“The second year, people kinda knew about it and it got a little bigger,” Marlow said. “It was a ton of work the first 2 years. The third year, I had a kid and didn’t have as much time to work on it, and Tony and Amy really stepped in and that’s when they made the website and then this last year, they’ve pretty much taken over the management of it.”

The four of them didn’t necessarily have any experience when it came to creating a community-wide event. They just had passion, work ethic and the belief that art is an important aspect to any community.

“I think the art culture for any place is extremely necessary to have a well-balanced city or town or state,” Marlow admitted. “I think it’s what brings community together. You can really, kind of, have a safe place with art that allows any person, whether they know anything about art or not, to just enjoy something about life and then inspire something. It triggers something in your brain. Art is so important just for brain development in general. It’s just a happy space and it’s just creative.”

And really, that’s all that Marlow wanted when she opened Scarlow’s Gallery- a happy space that inspires creativity.

There are events almost every week in The District and beyond, but when Claire Marlow decided to take a chance and buy Goedickes, there was very little activity downtown.

“When I bought Goedickes, it was still quiet down here,” Marlow remembered. “There wasn’t much going on, but I was talking to everybody. I was talking to the artists, I was talking to the people who buy art and have it framed, I was talking to the people who sell art supplies, but none of these people were talking to each other.”

“I kinda thought that I know all these people; what can I do to connect them and so the Art Walk was part of that vision.”

That vision has taken a few years to be realized and it’s still not quite where Marlow, Turner and the Elmore’s want it. But it’s close.

My vision for the gallery is to have phenomenal artists because we’re such a small little blip in the world,” Marlow said. “Nobody thinks Casper can have that.”

If there is one thing that one should never do, it’s tell Claire Marlow “no” or “you can’t” or “this won’t work.” Yes, she can and it will. Scarlow’s Gallery, Goedickes Art Supply and Framing and the Art Walk are all proof of that. Whether it was luck, timing or something even bigger, Downtown Casper was on the verge of something big, and Marlow knew it.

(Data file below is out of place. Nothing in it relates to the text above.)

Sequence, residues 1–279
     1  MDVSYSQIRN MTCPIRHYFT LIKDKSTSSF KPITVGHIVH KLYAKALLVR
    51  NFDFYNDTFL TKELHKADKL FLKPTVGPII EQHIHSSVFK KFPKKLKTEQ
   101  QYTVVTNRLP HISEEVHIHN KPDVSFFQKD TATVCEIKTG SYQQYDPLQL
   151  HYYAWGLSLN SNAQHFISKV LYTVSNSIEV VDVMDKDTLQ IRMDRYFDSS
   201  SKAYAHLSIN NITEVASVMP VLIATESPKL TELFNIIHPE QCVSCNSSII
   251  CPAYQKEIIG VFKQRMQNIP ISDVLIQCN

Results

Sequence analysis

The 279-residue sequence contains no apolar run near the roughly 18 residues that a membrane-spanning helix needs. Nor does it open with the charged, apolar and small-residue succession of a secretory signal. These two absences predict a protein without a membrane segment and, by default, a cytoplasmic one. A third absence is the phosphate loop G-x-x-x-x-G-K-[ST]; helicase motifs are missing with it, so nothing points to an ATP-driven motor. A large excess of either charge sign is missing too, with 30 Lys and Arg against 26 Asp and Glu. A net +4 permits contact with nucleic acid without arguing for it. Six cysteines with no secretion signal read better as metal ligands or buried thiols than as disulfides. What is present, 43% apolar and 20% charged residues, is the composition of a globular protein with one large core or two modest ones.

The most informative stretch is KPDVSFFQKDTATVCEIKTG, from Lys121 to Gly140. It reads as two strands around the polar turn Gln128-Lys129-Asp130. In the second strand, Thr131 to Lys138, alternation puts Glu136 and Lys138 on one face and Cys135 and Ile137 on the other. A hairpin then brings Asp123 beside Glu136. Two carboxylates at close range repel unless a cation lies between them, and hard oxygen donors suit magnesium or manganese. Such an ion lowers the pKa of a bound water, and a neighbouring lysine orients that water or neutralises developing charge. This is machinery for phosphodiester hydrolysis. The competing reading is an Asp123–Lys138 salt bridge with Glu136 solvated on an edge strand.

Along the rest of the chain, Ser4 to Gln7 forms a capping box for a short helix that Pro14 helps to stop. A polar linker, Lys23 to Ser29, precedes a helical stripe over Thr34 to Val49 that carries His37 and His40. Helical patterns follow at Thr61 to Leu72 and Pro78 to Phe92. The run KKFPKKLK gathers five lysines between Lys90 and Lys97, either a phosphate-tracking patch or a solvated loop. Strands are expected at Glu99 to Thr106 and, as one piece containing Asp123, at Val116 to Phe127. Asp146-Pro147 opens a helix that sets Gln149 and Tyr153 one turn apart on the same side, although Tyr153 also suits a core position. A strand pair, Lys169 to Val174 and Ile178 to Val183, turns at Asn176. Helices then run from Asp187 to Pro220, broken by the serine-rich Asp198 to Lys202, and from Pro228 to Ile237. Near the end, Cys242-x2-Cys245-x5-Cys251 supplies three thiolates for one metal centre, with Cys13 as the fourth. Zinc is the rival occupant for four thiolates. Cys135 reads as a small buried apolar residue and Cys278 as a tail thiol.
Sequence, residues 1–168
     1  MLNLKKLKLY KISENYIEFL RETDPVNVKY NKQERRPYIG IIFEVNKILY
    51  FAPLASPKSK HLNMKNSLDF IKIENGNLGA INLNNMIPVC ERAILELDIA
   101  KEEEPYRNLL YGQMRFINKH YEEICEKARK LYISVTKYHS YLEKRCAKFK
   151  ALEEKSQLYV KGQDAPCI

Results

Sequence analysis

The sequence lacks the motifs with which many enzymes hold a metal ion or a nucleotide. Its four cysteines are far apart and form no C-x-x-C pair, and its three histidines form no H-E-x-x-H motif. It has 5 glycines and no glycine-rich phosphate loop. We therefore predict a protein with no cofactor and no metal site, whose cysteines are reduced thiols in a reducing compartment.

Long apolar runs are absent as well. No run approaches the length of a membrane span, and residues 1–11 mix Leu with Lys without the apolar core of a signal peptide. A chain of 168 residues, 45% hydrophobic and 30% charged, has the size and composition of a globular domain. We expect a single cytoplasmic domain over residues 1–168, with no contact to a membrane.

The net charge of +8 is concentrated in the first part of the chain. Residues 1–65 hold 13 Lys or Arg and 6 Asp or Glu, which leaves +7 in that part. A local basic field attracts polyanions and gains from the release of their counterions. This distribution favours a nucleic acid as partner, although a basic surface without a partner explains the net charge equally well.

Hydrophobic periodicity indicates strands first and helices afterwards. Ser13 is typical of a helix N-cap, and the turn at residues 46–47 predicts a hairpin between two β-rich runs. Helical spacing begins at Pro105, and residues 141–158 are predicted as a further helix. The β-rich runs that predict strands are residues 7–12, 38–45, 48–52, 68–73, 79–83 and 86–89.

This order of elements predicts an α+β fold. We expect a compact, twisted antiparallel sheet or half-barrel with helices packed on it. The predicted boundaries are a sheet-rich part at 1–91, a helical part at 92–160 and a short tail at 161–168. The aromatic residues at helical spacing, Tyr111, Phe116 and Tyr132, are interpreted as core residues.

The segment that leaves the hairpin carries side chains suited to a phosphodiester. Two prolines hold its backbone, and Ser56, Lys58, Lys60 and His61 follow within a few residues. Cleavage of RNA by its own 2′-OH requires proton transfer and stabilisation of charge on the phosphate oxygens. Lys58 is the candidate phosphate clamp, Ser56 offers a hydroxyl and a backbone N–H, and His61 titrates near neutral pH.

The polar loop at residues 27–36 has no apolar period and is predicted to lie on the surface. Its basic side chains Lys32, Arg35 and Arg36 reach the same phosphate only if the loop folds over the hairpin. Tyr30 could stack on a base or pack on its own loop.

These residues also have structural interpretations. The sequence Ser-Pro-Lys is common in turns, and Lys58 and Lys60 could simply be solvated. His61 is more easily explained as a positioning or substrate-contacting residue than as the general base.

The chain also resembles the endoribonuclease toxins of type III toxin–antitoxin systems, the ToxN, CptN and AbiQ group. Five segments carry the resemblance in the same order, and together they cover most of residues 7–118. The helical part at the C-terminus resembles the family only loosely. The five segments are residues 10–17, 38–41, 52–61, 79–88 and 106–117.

“I think the timing is right,” Marlow agreed. “I think there’s a younger population in Casper, they’re educated, some of them have some money, they want a little more trendy things, they want a little more culture. The older generation is fantastic, and they have allowed us to be here and do this, but I think the younger blood, as with any town, craves a little bit more culture. I think people wanted it. Once the ball started rolling, people could see that we could do that here.”

The Art Walk has given way to a multitude of community-driven events downtown and it has turned The District into something that everybody can be proud of.

But that was never Marlow’s plan. She never had a plan.  She still doesn’t, not really. When asked what drove her to create Scarlow’s Gallery and what is currently driving her to continue it, she just shrugged.

“My focus is to bring something to Casper that isn’t here yet, in the world of culture and art.”

She has done that. More than once. And she will continue to do that, despite not having a plan. She just continues to roll with the metaphorical punches.

“I’m constantly trying to figure out what I can add, what can I take away to keep these doors open,” Marlow said. “They’ve been open for 65 years- I don’t want the doors to close on my watch.”

If the future is the result of the present and the past, then Marlow shouldn’t have to worry about keeping the doors open. Scarlow’s has continued to provide artists with a canvas in which to paint their story. The Art Walk has continued to be the premier event every week in Casper. Marlow, herself, will continue to innovate, inspire and dare to dream.

And, even if it wasn’t hers, maybe that was the plan all along.

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By: Nick Perkins

First, there was the Nic Fest. Then, there was Rock the Block. The Art Walk followed shortly thereafter. All of these events were designed to bring the community together and to offer them something ‘outside of the norm.’ They were created to show that there was more to Downtown Casper than just a couple of movie theaters. These events have succeeded, and The District has never been so thriving. Still, though, there will always be room for more, for different. That is the beauty of The District- there is always an opportunity to help it grow.

The creators of the Third Thursday Downtown Crawl recognized this. Then, they got to work.

Jim McBride has been in the food service industry for decades. Whether it was in restaurants or via distribution, McBride is no stranger to the hard work it requires to maintain something that is successful. This is why he was approached by Frontier Brewing Company owner, Shawn Houck, about creating something to drive even more traffic to Downtown Casper.

“Shawn Houck called me one day and said, ‘Can we just sit down, I want to kick something about,’” McBride remembered.